For many, drug treatment is a precursor to surgery, the thought of which can cause great anxiety. People with arthritis need to know and understand what is involved in order to make informed decisions.
What part can diet and exercise play in managing arthritis? What about complementary and alternative therapies? What about hydrotherapy? What equipment is available to enable the patient to stay in their home or continue working, and how do they access this equipment?
These questions are an indication of the challenges that people with arthritis must face every day in order to stay in charge of their lives and avoid isolation on the fringes of society. Healthcare professionals need to work as a team that supports these patients towards regaining or retaining their independence. People with arthritis need to be signposted on to the services of physiotherapists, occupational therapists and hospital consultants.
A wider network of information and support
Support is available beyond the boundaries of healthcare professionals. For example, in the UK, Disability Service Teams in Jobcentres can provide a range of solutions to help people stay in work or to obtain employment. The Benefits Enquiry Line or local citizens’ advice bureaux can offer guidance through a complicated and sometimes daunting benefits system.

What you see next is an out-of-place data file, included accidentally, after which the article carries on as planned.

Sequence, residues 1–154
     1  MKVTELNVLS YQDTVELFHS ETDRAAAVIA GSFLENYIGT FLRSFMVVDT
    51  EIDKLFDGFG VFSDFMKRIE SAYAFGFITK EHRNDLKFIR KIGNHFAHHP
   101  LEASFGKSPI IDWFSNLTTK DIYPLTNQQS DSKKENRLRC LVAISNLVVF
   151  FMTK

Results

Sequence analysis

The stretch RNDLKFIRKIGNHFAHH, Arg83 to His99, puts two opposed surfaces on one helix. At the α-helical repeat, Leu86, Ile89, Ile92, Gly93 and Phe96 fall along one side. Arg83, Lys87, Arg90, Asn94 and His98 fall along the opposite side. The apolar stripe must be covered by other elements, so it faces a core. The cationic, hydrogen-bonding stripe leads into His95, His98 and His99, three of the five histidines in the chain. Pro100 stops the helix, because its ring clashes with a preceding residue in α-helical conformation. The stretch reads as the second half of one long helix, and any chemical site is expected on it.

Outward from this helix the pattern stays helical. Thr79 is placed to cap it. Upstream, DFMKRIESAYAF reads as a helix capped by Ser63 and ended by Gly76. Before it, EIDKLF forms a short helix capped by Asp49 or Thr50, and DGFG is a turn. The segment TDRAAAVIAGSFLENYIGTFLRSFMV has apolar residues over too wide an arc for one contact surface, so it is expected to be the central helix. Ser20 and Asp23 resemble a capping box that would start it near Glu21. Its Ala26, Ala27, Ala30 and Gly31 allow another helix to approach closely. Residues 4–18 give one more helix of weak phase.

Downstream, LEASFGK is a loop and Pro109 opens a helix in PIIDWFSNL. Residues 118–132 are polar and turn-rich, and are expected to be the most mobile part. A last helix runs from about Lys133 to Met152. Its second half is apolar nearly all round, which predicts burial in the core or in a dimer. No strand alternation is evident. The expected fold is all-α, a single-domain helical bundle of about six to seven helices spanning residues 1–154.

It is important to realise that the voluntary sector also has a vital role to play. Arc (the Arthritis Research Campaign) funds medical research and produces informative literature on arthritis. Arthritis Care is the largest UK-wide voluntary organisation working with and for all people with arthritis. It has over 500 branches and groups and over 66,000 supporters. Arthritis Care provides helpline services by telephone and letter, including a service aimed specifically at young people. It offers a range of self-management and personal development courses for all ages to enable people to be in control of their arthritis, and it runs four hotels in the UK. It produces a range of helpful publications, including a bimonthly magazine, Arthritis News, and it campaigns for greater awareness of the needs of all people with arthritis. Equivalent patient support organisations exist in many other European countries, and links to their websites are listed on the People with Arthritis/Rheumatism in Europe Manifesto for the Third Millennium website (see Resources).